|The U.S. economy grew 0.7 percent at the annual rate in the first quarter, starting 2017 off on a soft start as expected. Weaker consumer and inventory spending in the first quarter could explain the lower figures, with government spending also serving as a drag on the headline number. We traditionally have a sluggish first quarter followed by a strong rebound in the second quarter, and in that context, this report is less discouraging than it might seem at face value. My current forecast is for 2.8 percent growth in real GDP in the second quarter, with the economy expanding 2.1 percent for 2017 as a whole. Of course, these estimates might drift higher with passage of more pro-growth policies, especially in terms of the outlook later this year and into 2018.
In terms of manufacturing activity, a number of economic indicators suggest some cooling in the expansion rate in recent data even as they continue to reflect progress. For instance, growth in new durable goods orders eased in March but expanded for the third straight month, reaching a five-month high. Overall, new durable goods demand has continued to trend in the right direction after stalling for much of the past few years, with year-over-year growth of 4.5 percent. At the same time, sentiment surveys from the Dallas,Kansas City and Richmond Federal Reserve Banks each reported slower growth in April from prior months, including for many of the key measures of activity. Yet, respondents in each of these reports positively reflect on the gains made since last autumn, with leaders in the sector mostly optimistic in their six-month outlook and in their expectations for hiring and capital spending.
In a similar way, consumer confidence has pulled back from multiyear highs but remained elevated. In April, the two consumer surveys were mixed. The survey from the Conference Board in April decelerated from the March reading, which was the highest level since December 2000. The longer-term trend remained favorable, with 30.2 percent of respondents saying conditions were “good” and 13.8 percent indicating conditions were “bad.” Meanwhile, sentiment in the report from the University of Michigan and Thomson Reuters inched up in April but continued to be weaker than in January, which had been the survey’s best reading in 13 years. Richard Curtin, the Surveys of Consumers chief economist, said that confidence has remained sharply divided along partisan lines since the election. With that said, the underlying data are consistent with 2.5 percent growth in consumer spending in 2017.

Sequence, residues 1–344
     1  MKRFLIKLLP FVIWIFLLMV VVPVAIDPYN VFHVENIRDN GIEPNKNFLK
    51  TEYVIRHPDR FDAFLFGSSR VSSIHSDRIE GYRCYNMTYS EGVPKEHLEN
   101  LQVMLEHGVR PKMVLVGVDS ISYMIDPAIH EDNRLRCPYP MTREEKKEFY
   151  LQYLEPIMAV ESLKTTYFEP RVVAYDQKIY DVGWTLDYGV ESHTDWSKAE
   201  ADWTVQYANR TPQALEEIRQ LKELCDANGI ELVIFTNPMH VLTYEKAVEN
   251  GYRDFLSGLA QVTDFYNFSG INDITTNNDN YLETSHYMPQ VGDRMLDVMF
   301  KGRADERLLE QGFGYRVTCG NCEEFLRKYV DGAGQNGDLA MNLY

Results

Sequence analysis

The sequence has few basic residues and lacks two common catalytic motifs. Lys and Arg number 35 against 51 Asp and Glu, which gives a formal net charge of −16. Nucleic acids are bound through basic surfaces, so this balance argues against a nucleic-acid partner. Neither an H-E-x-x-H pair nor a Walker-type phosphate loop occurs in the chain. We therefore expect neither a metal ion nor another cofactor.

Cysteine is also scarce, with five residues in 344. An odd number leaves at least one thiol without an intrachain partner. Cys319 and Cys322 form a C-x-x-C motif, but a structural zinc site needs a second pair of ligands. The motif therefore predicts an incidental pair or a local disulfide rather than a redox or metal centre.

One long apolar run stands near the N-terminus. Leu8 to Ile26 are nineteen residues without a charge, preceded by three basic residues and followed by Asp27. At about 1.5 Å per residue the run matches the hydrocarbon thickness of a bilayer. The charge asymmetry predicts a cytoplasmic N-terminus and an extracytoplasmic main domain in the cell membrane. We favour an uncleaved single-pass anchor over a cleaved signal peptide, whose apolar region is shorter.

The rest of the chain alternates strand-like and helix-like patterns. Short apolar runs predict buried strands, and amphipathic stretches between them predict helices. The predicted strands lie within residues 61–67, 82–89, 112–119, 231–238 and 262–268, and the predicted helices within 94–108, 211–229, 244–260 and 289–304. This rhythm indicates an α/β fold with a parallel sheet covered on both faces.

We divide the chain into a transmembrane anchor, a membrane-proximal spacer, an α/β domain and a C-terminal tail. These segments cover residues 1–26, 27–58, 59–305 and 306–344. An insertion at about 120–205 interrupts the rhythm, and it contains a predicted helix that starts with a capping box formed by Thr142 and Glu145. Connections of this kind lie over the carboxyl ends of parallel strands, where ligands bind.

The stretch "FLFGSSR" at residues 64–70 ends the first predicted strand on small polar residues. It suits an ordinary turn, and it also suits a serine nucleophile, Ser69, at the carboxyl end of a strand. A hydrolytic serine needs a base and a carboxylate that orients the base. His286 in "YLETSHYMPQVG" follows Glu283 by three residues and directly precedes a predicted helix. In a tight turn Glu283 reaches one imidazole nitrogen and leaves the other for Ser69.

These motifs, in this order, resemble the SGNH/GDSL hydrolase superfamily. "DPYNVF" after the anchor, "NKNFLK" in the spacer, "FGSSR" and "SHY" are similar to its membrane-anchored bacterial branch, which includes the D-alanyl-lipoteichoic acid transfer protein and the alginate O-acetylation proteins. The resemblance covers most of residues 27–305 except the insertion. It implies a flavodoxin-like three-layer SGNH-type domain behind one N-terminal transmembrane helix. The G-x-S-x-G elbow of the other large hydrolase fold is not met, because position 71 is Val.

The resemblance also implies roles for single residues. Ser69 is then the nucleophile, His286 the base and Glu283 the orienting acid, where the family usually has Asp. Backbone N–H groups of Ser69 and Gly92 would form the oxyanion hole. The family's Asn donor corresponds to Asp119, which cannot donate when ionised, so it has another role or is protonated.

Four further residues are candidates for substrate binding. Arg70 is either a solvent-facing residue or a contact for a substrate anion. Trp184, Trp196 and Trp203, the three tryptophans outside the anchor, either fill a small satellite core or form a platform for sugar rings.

We will be looking for additional signs of growth in manufacturing this week, with the Institute for Supply Management’s survey expected to report the eighth straight monthly expansion in April. Demand and production should continue to increase rather strongly, though a slight pullback from March’s reading is possible, mirroring other sentiment surveys. We anticipate additional hiring for the month, with new jobs numbers out on Friday. Manufacturers have added 67,000 workers over the past four months, and we expect at least 10,000 more in April.
The Federal Open Market Committee will convene May 2–3, although it is not likely to raise short-term interest rates at this meeting. The Federal Reserve’s next hike is predicted to be during its June 13–14meeting. Other highlights this week include new figures for construction spending, factory orders and shipments, international trade, labor productivity and personal income and spending.